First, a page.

Cutting-edge treatment for Parkinson's DiseaseDate: 12/04/2018
More than 80,000 Australians live with Parkinson’s Disease and Cabrini is fortunate to have two doctors – neurologist Dr Wesley Thevathasan and neurosurgeon Mr Kristian Bulluss – who are leading the way in Deep Brain Stimulation (DBS) – a surgical intervention addressing the symptoms associated with related movement issues.
The treatment is helping many people affected by Parkinson’s Disease, which has obvious symptoms such as tremor, muscle rigidity, slow movement, sometimes a shuffling gait, lack of arm swing and speech problems. The condition, which shows first signs of onset between 55 and 65 years, is extremely debilitating.
Until recent years, pharmacological interventions have proven to be effective in delaying or mitigating many symptoms, but their efficacy fluctuates during the day and the dose needs to be increased with the condition’s progress.
Now, the movement issues associated Parkinson’s are being treated by Deep Brain Stimulation (DBS). This surgical intervention embeds an electrode in the brain and a subcutaneous battery just below the collarbone. The two communicate via cables and provide constant stimulation to the part of the brain responsible for the unwanted movements.
One of Australia’s most experienced DBS teams comprises neurologist Dr Thevathasan and Mr Bulluss: They undertake the procedure at several hospitals but do many at Cabrini, making it one of the largest centre for DBS in Australia.
The procedures run for four hours over three distinct phases:
- the first encompasses preparation during which parameters are measured and a temporary stereotactic head-brace is fitted
- then Mr Bulluss inserts the electrode into a very precise point in the brain while Dr Thevathasan navigates via imaging, records brain signals and monitors the awake patient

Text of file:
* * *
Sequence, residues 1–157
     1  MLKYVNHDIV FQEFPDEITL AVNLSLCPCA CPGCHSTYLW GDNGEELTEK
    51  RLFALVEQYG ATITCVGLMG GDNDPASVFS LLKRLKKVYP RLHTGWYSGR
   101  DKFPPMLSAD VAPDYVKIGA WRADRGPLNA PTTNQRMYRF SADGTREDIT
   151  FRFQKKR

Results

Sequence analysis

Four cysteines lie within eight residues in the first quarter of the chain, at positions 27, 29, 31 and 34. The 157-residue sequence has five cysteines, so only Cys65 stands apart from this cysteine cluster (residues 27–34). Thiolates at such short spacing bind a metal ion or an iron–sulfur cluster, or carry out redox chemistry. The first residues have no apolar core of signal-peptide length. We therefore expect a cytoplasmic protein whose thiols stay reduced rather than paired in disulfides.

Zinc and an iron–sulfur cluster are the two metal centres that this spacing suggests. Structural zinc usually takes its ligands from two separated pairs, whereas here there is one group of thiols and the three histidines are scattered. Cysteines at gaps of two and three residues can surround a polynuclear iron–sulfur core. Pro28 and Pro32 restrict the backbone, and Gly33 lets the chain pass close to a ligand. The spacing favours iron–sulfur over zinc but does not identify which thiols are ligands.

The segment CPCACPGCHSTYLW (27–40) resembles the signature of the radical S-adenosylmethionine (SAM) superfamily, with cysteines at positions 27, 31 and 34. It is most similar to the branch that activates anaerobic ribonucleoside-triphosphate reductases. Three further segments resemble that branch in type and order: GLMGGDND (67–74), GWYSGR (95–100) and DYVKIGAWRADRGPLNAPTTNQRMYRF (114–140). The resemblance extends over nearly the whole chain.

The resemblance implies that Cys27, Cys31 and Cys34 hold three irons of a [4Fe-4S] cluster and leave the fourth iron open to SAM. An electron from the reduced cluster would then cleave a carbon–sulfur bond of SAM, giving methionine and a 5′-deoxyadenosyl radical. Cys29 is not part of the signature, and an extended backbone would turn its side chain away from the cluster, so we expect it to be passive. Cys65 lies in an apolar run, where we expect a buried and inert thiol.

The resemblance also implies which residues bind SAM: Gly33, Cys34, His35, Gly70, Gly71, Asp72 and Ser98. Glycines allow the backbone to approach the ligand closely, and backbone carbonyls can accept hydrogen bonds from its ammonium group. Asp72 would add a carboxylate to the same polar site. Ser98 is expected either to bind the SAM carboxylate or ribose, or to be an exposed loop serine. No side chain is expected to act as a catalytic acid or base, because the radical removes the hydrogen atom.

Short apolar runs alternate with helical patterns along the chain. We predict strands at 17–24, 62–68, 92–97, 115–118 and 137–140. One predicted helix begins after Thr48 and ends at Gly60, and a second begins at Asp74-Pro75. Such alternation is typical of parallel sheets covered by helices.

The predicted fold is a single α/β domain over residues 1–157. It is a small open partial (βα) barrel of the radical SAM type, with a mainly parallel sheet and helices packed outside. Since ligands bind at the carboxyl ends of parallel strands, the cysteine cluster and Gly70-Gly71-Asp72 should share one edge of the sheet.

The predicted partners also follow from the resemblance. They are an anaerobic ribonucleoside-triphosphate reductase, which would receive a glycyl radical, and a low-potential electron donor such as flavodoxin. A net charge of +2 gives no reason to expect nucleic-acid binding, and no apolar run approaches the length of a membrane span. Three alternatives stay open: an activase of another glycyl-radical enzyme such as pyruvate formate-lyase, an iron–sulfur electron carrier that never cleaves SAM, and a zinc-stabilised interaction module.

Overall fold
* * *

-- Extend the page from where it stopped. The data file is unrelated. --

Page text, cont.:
- finally the battery unit is inserted beneath the collarbone under general anaesthetic and the cables from the electrode are run below the skin down to the unit.
The procedure can be used to treat other disorders including essential tremor, dystonia and epilepsy, but is predominately used for Parkinson’s tremors. “DBS is not suitable for all Parkinson’s sufferers,” says Dr Thevathasan. “The patients to whom we offer it are generally under 75, have had a good response to medication and are cognitively reasonable.”
He and Mr Bulluss are deeply involved with research aimed at increasing the effectiveness and precision of the surgery. “We conduct research across all the hospitals in which we operate. This is great for our patients because we are always at the forefront of knowledge and can adopt new techniques very quickly,” said Dr Thevathasan.
These doctors are leading the field in many respects – they recently identified a biomarker which allows more precise implantation. Where precision of less than two millimetres is critical, this breakthrough is a game-changer. They are also working on a battery pack that responds to the patient’s activity level. Current batteries send a constant ‘on’ signal to the electrode which means that it runs at full pace 24 hours a day. The ability of the battery to modulate the stimulation in response to patient activity levels would mean enhanced patient experience and longer battery life. They are devising a battery unit for implantation behind the ear rather like the highly-successful Cochlear ear.
For more information about Cabrini's Parkinson's Program, visit: www.cabrini.com.au/patients-and-families/services/parkinson-s-program/about-our-parkinson-s-program/
For a referral to a Cabrini medical specialist, visit your GP. For information about Cabrini’s medical specialists, click on: www.cabrini.com.au/find-a-doctor